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Infection. 2009 Aug;37(4):349-52. doi: 10.1007/s15010-008-8138-4. Epub 2009 Mar 9.

Comparison of defined versus recommended versus prescribed daily doses for measuring hospital antibiotic consumption.

Author information

1
Department of Medicine, Center for Infectious Diseases and Travel Medicine, University Hospital, Hugstetter Strasse 55, Freiburg, Germany.

Abstract

BACKGROUND:

Hospital antibiotic use is usually measured by calculating the volume as the number of daily doses defined by the World Health Organization/Anatomical Therapeutic Chemical (WHO/ATC) index (DDDs) divided by a denominator indicating clinical activity, such as the number of occupied bed days. Previous studies have found discrepancies between DDDs, daily doses as recommended in practice guidelines (recommended daily doses, RDDs), and truly prescribed daily doses (PDDs). Very few studies have quantified these discrepancies.

METHODS:

A point prevalence survey was carried out in defined acute care service areas of a large German state university hospital. Of the 941 adult inpatients present on the day of the survey for whom adequate information was available, 267 (28%) had 471 prescriptions for antimicrobial drugs on that specific day. A check for any additional antimicrobial drug prescriptions for these 267 patients during the six days immediately preceding the survey day yielded a total of 2,304 PDDs, of which 1,754 were antibacterial agents. The latter antibacterial drug PDDs constituted the basis for analysis. The proportion of PDDs different from RDDs and from DDDs was evaluated, and the deviations were calculated. RDD dose definitions corresponded to the local practice guideline recommendations of antibiotic therapy for adult hospitalized patients with normal renal function.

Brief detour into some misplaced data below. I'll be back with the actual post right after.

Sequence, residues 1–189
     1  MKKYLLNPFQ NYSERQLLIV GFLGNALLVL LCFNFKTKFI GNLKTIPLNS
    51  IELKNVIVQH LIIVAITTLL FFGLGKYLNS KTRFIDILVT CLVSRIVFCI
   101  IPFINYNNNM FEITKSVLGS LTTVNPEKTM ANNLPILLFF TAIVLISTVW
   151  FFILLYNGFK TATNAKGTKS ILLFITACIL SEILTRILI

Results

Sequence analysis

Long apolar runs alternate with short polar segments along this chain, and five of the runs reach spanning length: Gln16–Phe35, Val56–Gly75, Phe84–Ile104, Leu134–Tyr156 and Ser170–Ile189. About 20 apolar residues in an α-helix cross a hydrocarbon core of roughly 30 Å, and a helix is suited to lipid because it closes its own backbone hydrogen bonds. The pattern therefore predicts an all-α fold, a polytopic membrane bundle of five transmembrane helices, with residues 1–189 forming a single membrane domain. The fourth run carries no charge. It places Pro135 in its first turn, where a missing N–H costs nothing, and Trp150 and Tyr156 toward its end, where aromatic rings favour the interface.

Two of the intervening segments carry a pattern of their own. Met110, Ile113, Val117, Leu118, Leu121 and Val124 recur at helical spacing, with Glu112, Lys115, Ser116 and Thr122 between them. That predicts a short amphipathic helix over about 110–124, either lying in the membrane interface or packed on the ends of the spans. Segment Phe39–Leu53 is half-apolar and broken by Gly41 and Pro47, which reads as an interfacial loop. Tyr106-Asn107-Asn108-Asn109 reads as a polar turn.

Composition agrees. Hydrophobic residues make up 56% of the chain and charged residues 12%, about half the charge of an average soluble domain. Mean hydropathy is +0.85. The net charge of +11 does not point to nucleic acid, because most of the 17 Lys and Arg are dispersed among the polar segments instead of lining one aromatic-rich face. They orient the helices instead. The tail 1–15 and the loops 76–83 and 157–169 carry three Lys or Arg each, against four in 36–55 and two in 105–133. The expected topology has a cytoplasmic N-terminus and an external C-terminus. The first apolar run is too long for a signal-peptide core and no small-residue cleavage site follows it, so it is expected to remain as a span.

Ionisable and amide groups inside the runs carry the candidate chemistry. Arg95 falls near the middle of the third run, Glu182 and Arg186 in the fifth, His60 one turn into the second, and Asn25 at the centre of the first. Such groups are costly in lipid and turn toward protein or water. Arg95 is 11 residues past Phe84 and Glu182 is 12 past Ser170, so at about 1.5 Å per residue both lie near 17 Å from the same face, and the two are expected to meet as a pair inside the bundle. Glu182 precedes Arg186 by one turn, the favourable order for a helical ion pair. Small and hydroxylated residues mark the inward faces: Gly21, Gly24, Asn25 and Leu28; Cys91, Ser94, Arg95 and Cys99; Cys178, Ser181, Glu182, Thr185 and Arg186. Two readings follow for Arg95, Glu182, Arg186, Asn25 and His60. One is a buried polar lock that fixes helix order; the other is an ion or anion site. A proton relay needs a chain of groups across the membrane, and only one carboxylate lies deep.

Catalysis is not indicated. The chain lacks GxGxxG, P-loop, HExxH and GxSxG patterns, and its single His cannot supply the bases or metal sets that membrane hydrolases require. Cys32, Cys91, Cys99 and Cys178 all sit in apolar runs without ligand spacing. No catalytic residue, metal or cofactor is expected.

RESULTS:

Of the 1,754 PDDs, 625 were matching DDD dose definitions (36%), and 1,024 (58%) were matching RDD dose definitions (p < 0.01). Corresponding values for patients with impaired renal function (creatinine clearance < 50 ml/min) were 36% and 42%, respectively. Large DDD discrepancies (< 50% of prescribed doses matching DDD definitions) were noted for beta-lactams and macrolides, while large RDD discrepancies were observed for aminoglycosides. Compared with PDDs, the use of DDDs as the measurement of hospital antibiotic use overestimated antibiotic use volumes by 32%, while the use of RDD led to a slight underestimation (-9%).

CONCLUSION:

The use of DDDs as currently defined by WHO/ATC for measuring hospital antibiotic consumption may be associated with a substantial overestimation of antibiotic use density, while using practice guideline-derived RDDs may yield more valid antibiotic exposure estimates that would be helpful in cross-sectional and longitudinal analyses of antibiotic consumption.

PMID:
19277464
DOI:
10.1007/s15010-008-8138-4
[Indexed for MEDLINE]

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